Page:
The police alarm crypto is now used as a payment method for buying drugs and guns more than ever before.
The use of crypto in illicit activities is growing at an alarming rate as London’s law enforcement officials say digital currencies now play an “endemic role” in organized crime.
In an interview with the Financial Times, detective inspector Geoff Donoghue of the Metropolitan Police’s crypto investigation team has expressed his concerns regarding illicit activity in cryptocurrency. He said there has been “growing evidence” that cryptocurrencies should no longer be considered a niche within criminal enterprises.
“Drugs, guns, girls and workers… there has been growing evidence that there has been the emerging use of crypto within those fields as well.”Detective inspector Geoff Donoghue
In a bid to bolster anti-crypto crime efforts, London’s police set up a special investigation crypto team, which now includes 40 members of staff. Although the scale of crime tied to crypto remains undisclosed, the team had investigated “74 intelligence referrals to date and, as a result, have 19 current active criminal investigations,” the police said.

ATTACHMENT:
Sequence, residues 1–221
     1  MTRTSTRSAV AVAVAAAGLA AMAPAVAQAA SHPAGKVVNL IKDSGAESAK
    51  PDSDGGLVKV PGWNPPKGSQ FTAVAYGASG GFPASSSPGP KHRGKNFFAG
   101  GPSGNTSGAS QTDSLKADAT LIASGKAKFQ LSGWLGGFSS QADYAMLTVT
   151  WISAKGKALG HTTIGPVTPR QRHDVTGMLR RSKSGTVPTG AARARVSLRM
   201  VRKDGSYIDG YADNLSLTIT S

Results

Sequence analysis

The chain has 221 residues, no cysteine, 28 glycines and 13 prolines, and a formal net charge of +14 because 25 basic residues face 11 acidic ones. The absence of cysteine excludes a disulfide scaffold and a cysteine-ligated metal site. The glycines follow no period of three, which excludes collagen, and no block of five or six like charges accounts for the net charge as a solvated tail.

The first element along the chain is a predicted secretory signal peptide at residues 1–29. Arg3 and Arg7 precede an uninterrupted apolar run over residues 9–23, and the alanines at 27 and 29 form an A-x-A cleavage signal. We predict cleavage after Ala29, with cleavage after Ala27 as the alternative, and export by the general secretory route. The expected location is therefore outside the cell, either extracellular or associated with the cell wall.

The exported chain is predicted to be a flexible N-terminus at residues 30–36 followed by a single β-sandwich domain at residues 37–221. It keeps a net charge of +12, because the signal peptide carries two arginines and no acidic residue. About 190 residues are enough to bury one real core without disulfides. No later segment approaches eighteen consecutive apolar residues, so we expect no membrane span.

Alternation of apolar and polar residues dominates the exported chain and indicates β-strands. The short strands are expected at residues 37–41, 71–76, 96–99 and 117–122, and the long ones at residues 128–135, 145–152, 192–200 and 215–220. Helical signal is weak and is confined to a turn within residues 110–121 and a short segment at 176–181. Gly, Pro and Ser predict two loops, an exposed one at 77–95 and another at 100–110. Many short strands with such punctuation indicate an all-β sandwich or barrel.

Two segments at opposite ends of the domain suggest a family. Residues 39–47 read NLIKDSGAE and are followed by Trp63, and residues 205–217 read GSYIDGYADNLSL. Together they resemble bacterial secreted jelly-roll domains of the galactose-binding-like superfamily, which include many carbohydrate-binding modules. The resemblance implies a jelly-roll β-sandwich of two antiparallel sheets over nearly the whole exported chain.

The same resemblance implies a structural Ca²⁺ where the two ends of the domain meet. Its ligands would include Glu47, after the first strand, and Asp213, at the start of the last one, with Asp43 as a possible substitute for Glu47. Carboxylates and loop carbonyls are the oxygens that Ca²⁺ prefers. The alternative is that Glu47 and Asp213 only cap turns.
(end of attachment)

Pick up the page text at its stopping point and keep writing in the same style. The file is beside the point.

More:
However, analysts at Elliptic noted that historically crypto was not a “reliable source” of funding for terrorist organizations or bad actors, given that the transparency of the blockchain makes illicit activities highly vulnerable to disruption.
Yet, the U.S. government believes that cryptocurrencies can still be a severe threat to national security as they can be used to circumvent measures placed on traditional finance.
For example, U.S. Undersecretary of the Treasury for Terrorism and Financial Intelligence Brian E. Nelson earlier called on developing “appropriate controls” to control cryptocurrencies as digital assets “can pose a significant risk to national security by facilitating illicit finance such as money laundering, cybercrime, and terrorist action.”